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Thread: Pakistani politics (catch all)

  1. #241
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    Strategic assets strike again? or is this someone else? http://www.brownpundits.com/strategi...-strike-again/

  2. #242
    Council Member AdamG's Avatar
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    An interesting Op-Ed perspective.


    Welcome to Pakistan, where even the most feverish anti-US conspiracy theories turn out to be, well, true.
    http://tribune.com.pk/story/352124/w...s-are-correct/
    A scrimmage in a Border Station
    A canter down some dark defile
    Two thousand pounds of education
    Drops to a ten-rupee jezail


    http://i.imgur.com/IPT1uLH.jpg

  3. #243
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    Not bad, as propaganda, but if this guy is sincere then he needs serious help.

  4. #244
    Council Member davidbfpo's Avatar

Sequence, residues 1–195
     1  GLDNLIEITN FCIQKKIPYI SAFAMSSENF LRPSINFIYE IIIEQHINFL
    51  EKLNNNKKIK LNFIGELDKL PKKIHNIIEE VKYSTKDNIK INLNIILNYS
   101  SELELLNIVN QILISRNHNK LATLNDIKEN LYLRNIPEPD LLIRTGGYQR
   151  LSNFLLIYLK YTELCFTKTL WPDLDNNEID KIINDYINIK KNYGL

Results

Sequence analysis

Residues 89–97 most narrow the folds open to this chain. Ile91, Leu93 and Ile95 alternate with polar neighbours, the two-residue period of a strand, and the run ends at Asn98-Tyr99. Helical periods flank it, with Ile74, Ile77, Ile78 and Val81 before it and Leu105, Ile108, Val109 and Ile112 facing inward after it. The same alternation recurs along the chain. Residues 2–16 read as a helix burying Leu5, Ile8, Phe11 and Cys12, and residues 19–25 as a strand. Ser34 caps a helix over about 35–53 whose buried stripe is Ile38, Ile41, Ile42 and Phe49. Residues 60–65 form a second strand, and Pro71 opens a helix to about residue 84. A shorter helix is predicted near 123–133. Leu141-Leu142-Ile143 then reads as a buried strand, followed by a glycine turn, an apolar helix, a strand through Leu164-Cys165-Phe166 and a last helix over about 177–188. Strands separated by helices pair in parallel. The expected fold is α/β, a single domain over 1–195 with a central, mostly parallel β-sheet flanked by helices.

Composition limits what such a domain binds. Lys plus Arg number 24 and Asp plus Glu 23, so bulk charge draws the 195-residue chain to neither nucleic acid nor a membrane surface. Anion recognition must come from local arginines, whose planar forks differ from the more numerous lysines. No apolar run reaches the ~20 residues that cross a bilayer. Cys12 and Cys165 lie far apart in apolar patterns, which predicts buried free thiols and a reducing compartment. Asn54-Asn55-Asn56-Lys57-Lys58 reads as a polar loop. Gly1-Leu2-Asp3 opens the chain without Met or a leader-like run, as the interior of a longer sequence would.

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    Default Factional Politics of South western Punjab

    Our occasional correspondent Hamid Hussain has provided a new commentary (on attachment) on Pakistan's emerging political situation, with the focus on the 'Factional Politics of South western Punjab'.

    Sadly it reinforces my belief that the ordinary Pakistani voter has no choice, Pakistani's politicians change their party labels and remain power hungry. This time there is little mention of the military / ISI.
    Attached Files Attached Files
    davidbfpo

  5. #245
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    David,

    That was a very interesting find.

    Thanks.

    It does help to understand the way Pak politics works and will help in watching the political fortunes of these players.

    It appears that Pakistani politicians are opportunists and they carry this philosophy into policy making when in power.

    And that is why there is a feeling that Pakistan is sold to the highest bidder!

  6. #246
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    Default Pakistan through critical-studies/poco/culture studies eyes

    My review of Sadia Toor's book is at http://www.3quarksdaily.com/3quarksd...slam.html#more

  7. #247